Hollywood Re-Loaded examines gun violence through intergenerational artistic collaboration
Hollywood Reloaded is a pretty, well, loaded title for a show consideration the alarming gun violence stats in America; or at least, the perception of such violence.
As such, it’s a prescient and interesting avenue to be explored through art, just as two artists – 80- year-old London-based photographer Terry O'Neill CBE and Bran Symondson, an ex-soldier turned artist who turned to the discipline after documenting the Afghanistan war—have done.
The joint exhibition at London’s HOFA Gallery, which is now open, has been described as "a bold and brash reinvention of Terry O’Neill’s portraits of Hollywood icons posing with guns".
This means portraits of stars like Michael Caine, Bridget Bardot and Roger Moore, have been modified to show them with each bearing a gun. These images are pockmarked by bullets fired by Bran Symondson, using the same gun as in each portrait to create the final image. "Guns, and the violence they symbolise become subjects, displacing Hollywood stars and the glorified ethos they mediate as well as create," says the gallery.
The collaboration and the artworks were inspired by the ongoing conversations about gun violence around the world, and examine the perceptions of guns – especially in the US. The collection of images also "recognises the relationship between Hollywood imagery and the reverence paid to wield a firearm which has made the gun a conscious and subconscious desideratum of many," as HOFA puts it. "While Hollywood is merely one among various contributing factors, its role is significant particularly for its prominence."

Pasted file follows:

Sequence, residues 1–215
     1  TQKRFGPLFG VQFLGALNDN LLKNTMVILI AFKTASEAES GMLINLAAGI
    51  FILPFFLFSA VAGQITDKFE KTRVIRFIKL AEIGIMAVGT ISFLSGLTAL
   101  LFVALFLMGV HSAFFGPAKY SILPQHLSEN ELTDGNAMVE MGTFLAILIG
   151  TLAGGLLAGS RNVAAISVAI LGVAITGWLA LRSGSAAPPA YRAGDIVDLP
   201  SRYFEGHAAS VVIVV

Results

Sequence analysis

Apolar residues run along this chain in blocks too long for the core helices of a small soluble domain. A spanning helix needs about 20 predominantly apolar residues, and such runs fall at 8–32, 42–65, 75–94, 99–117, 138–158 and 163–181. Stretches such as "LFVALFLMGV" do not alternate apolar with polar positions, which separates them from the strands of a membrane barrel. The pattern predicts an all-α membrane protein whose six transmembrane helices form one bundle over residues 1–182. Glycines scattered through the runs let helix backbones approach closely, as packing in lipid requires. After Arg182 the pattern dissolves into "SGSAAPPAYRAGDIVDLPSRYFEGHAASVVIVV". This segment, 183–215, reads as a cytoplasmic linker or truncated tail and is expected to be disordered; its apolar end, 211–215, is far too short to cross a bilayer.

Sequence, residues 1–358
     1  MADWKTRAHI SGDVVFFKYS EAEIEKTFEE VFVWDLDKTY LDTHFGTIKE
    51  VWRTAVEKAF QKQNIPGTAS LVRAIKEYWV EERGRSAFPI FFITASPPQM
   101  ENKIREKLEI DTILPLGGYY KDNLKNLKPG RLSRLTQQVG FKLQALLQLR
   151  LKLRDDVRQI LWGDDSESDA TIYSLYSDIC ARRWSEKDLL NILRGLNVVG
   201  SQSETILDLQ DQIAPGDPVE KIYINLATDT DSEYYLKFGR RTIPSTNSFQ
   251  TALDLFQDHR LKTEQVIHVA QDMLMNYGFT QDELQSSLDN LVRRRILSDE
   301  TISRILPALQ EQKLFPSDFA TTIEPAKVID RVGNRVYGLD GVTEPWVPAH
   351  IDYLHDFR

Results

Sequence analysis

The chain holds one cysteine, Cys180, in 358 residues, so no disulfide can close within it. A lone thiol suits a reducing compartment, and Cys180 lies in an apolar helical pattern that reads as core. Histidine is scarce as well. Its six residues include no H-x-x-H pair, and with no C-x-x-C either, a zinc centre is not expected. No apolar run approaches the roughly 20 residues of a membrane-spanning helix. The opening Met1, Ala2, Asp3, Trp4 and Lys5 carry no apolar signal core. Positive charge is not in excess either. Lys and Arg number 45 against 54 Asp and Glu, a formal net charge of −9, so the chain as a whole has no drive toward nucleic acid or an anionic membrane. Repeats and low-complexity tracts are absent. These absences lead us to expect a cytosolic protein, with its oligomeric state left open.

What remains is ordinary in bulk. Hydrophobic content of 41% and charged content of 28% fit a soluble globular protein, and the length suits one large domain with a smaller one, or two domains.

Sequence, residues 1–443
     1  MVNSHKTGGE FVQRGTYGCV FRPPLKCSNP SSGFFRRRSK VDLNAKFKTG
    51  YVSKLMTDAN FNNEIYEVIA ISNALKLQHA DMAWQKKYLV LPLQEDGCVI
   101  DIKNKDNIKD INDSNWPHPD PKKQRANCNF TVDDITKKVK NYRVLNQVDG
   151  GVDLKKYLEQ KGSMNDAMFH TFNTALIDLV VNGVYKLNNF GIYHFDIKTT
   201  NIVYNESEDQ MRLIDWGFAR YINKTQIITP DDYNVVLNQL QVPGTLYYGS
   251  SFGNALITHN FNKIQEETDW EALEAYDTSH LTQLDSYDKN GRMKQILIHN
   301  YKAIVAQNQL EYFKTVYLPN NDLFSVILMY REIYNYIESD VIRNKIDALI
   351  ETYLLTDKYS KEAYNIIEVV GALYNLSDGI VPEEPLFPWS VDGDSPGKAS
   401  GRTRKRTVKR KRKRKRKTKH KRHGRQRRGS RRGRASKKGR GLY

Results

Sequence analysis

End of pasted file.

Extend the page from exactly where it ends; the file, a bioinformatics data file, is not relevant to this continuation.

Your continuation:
The violent connotations of the weapons is offset by a jarring yet rather pretty fantastical, colourful bloom of butterflies on each monochrome portrait. The works aim to create a gentle yet thought-provoking look at American historical and present-day fetishisation of guns.
The works also exemplify Symondson’s stated aim of "turning something of fear and loathing into something of beauty".
"What Bran has done with my photographs is astounding," says O’Neill. "He’s taken such time and consideration when creating his art—he really has transformed my photographs into something entirely his own. It’s been a thrill for me to work with a young artist such as Bran, to listen to his thoughts and process."
The show’s debut takes place at London private members' club Annabel’s before moving to HOFA until 14 October.